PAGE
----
Fitness Labels Cause Consumers to Eat More, Exercise Less
People who attempt to improve their health by eating fitness food may be doing a disservice to their waistline. A study co-authored by Hans Baumgartner at Pennsylvania State University and Joerg Koenigstorfer at Technische Universität München, titled, “The Effect of Fitness Branding on Restrained Eaters’ Food Consumption and Post-Consumption Physical Activity,” found that those who consume fitness-branded food, tend to eat more and exercise less than other restrained eaters. For the study, a restrained eater was defined as, “consumers who were chronically concerned about their body weight.”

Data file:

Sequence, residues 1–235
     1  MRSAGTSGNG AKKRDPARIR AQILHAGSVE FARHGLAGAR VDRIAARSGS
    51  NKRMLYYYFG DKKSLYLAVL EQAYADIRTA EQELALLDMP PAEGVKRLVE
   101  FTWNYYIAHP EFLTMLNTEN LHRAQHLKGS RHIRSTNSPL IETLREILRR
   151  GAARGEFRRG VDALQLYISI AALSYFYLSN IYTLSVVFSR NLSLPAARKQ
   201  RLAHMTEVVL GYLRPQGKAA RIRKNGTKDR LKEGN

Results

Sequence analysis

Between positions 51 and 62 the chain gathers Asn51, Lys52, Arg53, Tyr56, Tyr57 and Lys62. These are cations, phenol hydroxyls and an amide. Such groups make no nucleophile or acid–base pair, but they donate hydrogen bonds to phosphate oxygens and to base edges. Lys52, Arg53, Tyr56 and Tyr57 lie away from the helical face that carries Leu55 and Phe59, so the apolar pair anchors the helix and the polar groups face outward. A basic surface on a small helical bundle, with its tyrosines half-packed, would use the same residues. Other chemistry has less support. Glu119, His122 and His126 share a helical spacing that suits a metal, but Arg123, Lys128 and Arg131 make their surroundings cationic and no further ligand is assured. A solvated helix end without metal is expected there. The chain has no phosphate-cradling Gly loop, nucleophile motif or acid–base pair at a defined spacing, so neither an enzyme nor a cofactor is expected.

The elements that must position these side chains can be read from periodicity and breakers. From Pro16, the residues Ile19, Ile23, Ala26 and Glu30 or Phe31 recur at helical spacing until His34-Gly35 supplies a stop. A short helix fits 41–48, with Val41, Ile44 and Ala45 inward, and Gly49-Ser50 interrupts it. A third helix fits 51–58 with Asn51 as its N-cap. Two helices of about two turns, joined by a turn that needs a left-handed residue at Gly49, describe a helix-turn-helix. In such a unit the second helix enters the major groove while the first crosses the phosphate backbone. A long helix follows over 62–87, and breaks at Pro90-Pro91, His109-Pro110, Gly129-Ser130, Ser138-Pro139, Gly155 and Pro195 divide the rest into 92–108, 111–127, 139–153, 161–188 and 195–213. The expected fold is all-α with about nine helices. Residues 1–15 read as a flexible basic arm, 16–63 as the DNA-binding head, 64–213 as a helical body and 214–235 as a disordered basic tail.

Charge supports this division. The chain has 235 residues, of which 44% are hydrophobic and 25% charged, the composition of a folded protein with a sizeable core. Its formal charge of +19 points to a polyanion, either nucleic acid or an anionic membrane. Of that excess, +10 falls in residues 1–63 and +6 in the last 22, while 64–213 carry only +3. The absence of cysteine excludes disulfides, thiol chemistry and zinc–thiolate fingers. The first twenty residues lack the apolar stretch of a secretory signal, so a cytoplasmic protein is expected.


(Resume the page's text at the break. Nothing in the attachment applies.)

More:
It seems branding a food product as fitness food can cause the consumer to overlook or ignore the nutritional components of the food, such as calories, fat grams and sugar grams. “The findings are interesting because this is the first research paper that shows that fitness branding of food does not only affect energy intake but also energy expenditure,” Baumgartner said. Along with consuming more calories, the restrained “fit” eaters in the study also exercised less than the unrestrained eaters. The study was published in the Journal of Marketing Research in 2015.